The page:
The diffusion of ideas has become a central research theme in political science, sociology, law, history, and economics. Scholars have focused on how ideas are spread across time and space, as can be observed especially in the European Union in various sociopolitical fields. The European Union (EU) serves as an almost ideal laboratory for investigating processes and outcomes of diffusion.
Until now, the diffusion of ideas has mainly been studied from a structuralist perspective. However, the process evolves differently, depending on how diffusion is initiated. Existing studies on diffusion furthermore show that it is not a process free of conflict. Focusing on the EU, the Research College seeks to study the influence of actors, their interests and their power, on the diffusion of ideas.
What kind of diffusion mechanisms does the EU employ and which diffusion mechanisms are particularly conducive to transformational changes inside the EU and its member states? Under which conditions do processes of diffusion result in convergence of divergence?
The Research College studied the role of the EU as the promoter and recipient of ideas, analyzing the mechanisms and effects of internal and external diffusion processes in the three research areas. Each research area extended over a period of two years in order to allow for thorough analysis and theory development.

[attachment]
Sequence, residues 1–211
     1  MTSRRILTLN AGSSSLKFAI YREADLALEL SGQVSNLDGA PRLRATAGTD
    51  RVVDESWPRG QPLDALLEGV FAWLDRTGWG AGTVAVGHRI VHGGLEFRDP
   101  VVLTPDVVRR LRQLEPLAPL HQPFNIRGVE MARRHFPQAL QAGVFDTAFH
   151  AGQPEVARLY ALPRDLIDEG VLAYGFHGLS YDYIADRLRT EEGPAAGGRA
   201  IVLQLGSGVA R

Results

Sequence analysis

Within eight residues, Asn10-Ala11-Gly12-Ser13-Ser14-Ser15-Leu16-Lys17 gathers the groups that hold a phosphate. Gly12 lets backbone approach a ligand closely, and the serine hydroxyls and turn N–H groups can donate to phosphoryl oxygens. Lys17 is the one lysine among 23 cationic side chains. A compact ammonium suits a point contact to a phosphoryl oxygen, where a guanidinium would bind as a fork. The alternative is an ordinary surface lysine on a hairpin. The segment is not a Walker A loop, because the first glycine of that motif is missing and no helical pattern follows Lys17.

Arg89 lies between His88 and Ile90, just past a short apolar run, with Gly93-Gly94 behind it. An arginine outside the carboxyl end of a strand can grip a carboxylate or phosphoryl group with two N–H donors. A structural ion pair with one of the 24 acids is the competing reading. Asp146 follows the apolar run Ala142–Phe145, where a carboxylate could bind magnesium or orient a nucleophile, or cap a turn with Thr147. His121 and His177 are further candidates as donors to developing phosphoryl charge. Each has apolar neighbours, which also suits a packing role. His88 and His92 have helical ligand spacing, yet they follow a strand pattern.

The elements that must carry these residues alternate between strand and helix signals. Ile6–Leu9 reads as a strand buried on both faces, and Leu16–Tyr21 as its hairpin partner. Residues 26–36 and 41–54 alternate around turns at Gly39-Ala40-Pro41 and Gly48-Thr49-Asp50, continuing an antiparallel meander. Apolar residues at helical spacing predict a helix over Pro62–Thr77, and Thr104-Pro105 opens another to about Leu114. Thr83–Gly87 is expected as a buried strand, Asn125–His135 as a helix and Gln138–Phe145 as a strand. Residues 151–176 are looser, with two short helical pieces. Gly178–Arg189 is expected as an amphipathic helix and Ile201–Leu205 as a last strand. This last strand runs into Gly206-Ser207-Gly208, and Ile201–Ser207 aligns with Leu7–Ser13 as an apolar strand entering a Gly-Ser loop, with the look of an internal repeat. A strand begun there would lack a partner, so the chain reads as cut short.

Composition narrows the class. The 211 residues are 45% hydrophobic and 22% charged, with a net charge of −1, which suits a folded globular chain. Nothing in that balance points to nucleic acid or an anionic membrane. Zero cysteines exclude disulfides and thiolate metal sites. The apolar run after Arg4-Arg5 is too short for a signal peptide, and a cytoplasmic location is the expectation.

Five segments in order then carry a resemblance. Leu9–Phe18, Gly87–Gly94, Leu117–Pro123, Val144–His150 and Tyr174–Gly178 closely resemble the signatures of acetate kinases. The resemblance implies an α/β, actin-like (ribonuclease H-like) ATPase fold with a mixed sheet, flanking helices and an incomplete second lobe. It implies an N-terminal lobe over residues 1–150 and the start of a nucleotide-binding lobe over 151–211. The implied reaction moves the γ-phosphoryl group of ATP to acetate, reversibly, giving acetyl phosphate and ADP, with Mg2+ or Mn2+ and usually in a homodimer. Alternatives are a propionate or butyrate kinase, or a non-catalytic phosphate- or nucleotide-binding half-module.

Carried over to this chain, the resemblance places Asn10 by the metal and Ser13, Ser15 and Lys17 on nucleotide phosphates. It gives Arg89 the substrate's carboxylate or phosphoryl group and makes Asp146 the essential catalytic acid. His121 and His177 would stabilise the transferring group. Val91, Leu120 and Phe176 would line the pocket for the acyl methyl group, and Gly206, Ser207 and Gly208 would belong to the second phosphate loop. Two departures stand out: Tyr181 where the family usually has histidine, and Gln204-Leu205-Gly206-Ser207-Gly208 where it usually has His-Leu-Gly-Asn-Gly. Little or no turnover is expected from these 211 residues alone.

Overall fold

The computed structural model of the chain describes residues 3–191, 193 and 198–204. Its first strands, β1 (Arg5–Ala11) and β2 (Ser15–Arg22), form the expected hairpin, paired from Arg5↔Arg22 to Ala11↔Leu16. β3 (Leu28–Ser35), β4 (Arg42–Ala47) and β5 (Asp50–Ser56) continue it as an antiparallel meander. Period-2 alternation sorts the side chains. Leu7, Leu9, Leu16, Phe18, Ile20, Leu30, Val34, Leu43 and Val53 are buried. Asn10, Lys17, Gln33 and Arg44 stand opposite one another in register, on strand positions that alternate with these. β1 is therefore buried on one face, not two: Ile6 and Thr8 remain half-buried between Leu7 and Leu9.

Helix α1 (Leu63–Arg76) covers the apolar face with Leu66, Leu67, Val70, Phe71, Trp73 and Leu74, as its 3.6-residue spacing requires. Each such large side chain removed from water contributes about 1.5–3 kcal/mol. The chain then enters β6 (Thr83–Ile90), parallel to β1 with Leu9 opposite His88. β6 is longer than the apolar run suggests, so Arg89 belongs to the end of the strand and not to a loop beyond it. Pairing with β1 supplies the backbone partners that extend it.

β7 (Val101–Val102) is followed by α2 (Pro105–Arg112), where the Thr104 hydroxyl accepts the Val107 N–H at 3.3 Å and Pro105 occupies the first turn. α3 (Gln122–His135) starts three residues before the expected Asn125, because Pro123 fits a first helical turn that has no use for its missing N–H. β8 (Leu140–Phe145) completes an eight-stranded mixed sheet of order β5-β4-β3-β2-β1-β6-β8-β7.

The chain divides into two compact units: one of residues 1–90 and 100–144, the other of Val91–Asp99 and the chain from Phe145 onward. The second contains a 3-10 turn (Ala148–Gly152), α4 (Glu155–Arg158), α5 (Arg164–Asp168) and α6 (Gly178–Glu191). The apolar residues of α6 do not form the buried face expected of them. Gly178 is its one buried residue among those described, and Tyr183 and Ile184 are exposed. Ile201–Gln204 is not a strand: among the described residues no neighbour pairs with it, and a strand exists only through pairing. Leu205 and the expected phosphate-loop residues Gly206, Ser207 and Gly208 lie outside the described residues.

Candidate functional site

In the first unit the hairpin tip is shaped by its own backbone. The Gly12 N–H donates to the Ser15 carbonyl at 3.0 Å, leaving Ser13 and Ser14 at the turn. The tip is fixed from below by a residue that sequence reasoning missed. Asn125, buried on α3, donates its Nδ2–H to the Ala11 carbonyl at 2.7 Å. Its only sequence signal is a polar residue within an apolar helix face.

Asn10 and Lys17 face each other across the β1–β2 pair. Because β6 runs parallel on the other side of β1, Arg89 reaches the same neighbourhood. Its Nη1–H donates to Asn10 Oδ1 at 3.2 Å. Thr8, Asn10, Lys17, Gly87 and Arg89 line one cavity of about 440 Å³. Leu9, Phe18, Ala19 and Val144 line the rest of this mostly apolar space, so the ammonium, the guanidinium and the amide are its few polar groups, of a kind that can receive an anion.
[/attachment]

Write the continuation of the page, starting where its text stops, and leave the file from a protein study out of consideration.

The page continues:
Diffusion works as a bridge between various meta-theoretical orientations and connects different methodologies to each other. By concentrating on five mechanisms of diffusion, the Research College attended to diverging approaches.
Prof. Dr. Helge Berger
Prof. Dr. Jürgen Gerhards
Prof. Dr. Markus Jachtenfuchs
Prof. Dr. Susanne Lütz
Prof. Dr. Ingolf Pernice
Prof. Dr. Barbara Pfetsch
For detailed information see Grant Proposal
This research area explored how the diffusion of ideas through and by the European Union affects collective identities and their Europeanization. In what way do transnational public discourses contribute to the diffusion of ideas? Can we observe a socialization process by which new member states incorporate Europe and the EU into their collective identity narratives? And how can we explain these diffusion processes and their differential effects on the Europeanization of collective identities?
How and to what extent have European ideas transformed the political-administrative, economic, social, and cultural institutions of nation-states within and outside the EU? To what degree does the diffusion of European ideas result in institutional convergence, and what explains the persisting differences? Which conditions foster and retract the diffusion of European ideas? Most importantly, how do the different diffusion mechanisms interact?
The EU perceives itself as a model for effective and legitimate governance to be emulated by other countries and regions. What are the effects of these efforts at diffusing regionalism as a distinctively European idea? How are these efforts perceived by non-European partners? More specifically, how has the EU dealt with challenges to its “normative power” by national, international and transnational actors who reject European ideas and their normative hegemony and its unintended or “nasty” consequences?